The looming physician shortage in Louisiana reminds me of the premise behind the 1990s television show “Northern Exposure.”

“Northern Exposure” featured a young doctor duped into setting up practice in the wilds of Alaska. In a nutshell, the doctor failed to read the fine print for the scholarship that put him through medical school and found himself assigned to a rural Alaskan town desperately in need of a physician.

Now I’m not suggesting that we dupe medical students into treating the flu and giving booster shots in Louisiana’s villages.

What I am suggesting is that we need to jumpstart the conversation on opening a medical school in Lafayette. I wrote a column, “Louisiana Needs A Med School In Lafayette,” about this issue last year (http://tinyurl.com/pp2pxaq). We need to pick up those threads of conversation, and we need to do it without delay.

Want job security? Go to medical school and become a primary care physician. Want to experience frustration? Try getting an appointment with a primary care physician in the near future.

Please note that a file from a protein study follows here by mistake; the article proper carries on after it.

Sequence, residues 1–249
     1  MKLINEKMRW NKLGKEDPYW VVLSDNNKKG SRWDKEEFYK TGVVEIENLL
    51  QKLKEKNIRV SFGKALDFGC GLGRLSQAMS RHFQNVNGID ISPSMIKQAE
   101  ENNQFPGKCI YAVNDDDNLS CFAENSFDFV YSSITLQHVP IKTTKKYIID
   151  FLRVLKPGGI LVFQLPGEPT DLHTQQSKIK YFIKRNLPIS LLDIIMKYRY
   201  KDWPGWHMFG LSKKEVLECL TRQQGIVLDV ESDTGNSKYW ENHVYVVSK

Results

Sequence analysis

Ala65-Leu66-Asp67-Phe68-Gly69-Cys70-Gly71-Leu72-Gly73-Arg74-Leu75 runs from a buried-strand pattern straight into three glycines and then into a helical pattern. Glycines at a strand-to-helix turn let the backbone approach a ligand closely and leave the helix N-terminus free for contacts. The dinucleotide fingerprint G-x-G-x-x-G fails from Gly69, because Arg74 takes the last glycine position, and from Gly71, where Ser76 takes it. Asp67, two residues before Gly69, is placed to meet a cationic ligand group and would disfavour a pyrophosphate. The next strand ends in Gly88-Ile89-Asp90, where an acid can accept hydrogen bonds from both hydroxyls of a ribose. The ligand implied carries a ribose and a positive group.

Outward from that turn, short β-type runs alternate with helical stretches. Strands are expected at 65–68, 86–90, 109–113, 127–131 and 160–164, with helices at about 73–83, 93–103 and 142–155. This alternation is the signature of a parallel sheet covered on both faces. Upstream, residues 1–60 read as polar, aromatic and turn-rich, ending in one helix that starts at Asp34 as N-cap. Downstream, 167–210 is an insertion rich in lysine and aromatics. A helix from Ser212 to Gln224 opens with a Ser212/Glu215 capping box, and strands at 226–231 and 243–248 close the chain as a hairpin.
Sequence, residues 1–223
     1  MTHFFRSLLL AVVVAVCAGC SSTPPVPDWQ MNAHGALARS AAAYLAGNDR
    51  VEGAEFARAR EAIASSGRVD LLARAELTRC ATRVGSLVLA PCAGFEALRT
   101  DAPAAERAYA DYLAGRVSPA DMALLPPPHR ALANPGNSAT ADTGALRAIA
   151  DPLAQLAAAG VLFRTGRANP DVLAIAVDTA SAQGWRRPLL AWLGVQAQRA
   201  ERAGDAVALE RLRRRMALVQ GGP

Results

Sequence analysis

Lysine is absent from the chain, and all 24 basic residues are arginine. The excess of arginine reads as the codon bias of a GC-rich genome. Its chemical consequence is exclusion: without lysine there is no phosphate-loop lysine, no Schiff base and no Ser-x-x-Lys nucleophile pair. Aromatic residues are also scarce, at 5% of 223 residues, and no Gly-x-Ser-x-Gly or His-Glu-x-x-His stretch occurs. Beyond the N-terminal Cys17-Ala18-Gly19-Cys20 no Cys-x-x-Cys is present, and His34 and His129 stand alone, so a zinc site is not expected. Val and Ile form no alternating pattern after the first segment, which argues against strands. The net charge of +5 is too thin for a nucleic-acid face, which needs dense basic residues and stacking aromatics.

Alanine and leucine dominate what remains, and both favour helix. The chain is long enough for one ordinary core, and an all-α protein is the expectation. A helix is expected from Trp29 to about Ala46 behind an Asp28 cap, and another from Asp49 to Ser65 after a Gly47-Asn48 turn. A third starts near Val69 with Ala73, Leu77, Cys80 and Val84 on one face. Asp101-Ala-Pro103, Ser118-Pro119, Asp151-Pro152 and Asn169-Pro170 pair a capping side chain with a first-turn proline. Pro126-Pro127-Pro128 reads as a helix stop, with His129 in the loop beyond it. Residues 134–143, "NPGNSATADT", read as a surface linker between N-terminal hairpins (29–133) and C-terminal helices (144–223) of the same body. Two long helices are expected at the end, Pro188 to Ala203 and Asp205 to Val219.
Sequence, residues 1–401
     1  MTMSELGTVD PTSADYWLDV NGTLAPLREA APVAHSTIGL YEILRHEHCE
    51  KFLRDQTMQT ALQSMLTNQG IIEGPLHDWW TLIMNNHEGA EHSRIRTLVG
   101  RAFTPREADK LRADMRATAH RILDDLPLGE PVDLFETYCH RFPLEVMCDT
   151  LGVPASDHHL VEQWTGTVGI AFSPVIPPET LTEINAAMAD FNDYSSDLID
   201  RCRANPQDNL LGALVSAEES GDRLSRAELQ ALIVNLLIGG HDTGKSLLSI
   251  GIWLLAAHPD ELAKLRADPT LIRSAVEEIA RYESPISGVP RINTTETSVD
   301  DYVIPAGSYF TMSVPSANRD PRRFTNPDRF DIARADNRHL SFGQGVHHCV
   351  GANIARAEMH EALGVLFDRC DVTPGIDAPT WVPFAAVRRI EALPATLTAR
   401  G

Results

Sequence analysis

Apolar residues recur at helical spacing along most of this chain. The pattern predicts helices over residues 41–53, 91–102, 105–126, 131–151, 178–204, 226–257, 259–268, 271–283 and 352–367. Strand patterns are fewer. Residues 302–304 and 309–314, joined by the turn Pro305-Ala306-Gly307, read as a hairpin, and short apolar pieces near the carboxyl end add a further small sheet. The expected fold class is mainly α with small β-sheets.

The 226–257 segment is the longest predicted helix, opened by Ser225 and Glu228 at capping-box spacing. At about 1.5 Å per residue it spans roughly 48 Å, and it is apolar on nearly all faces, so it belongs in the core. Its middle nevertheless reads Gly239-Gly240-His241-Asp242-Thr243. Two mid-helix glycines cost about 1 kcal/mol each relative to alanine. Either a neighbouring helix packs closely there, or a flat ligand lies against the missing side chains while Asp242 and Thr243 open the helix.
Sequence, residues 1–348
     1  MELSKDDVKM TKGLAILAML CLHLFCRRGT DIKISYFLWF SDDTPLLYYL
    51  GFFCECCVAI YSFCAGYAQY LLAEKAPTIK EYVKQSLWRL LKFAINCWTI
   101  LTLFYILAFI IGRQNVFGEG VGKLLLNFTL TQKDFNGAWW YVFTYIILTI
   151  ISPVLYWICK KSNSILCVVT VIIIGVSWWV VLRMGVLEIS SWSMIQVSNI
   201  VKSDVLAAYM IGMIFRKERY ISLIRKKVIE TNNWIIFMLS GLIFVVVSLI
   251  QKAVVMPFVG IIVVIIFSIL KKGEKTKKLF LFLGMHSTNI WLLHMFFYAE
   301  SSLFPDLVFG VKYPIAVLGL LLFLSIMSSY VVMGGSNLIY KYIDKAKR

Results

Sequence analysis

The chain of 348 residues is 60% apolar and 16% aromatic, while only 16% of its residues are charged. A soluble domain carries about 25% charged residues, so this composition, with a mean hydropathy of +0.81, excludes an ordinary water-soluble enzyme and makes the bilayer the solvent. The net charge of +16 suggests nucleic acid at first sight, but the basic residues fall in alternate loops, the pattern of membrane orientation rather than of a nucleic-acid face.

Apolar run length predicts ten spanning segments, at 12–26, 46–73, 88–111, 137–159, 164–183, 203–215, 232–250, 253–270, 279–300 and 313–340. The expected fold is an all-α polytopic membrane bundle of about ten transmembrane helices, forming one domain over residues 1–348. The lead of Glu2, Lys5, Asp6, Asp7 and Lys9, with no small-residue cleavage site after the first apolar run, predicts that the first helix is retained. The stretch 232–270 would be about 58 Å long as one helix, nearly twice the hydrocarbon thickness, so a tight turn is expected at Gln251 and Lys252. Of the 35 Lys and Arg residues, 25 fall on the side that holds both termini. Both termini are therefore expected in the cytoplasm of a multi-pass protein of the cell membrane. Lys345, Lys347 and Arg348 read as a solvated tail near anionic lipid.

As a nation, we’re simply not graduating enough doctors. The shortage is only going to get worse with the Affordable Care Act expanding access to health care.

By 2025, the physician shortfall in the U.S. will range from 46,100 to 90,400. I didn’t come up with those numbers. The Association of American Medical Colleges did in a report (http://tinyurl.com/nco9qc7) earlier this year.

Do you know what that shortfall means to you? If you’re approaching 50, it means a lot. You need regular checkups to ensure you’re around to enjoy your grandchildren and your golden years. At the same time, too many doctors in Louisiana are preparing for their own retirements. They won’t be around to make sure that cold doesn’t turn into pneumonia or to check your blood pressure.

We have three fine medical schools in Louisiana. Two are in New Orleans. The third is in Shreveport.

Contact:
Michelle Millhollon
(225) 342-0012
mmillhollon@treasury.state.la.us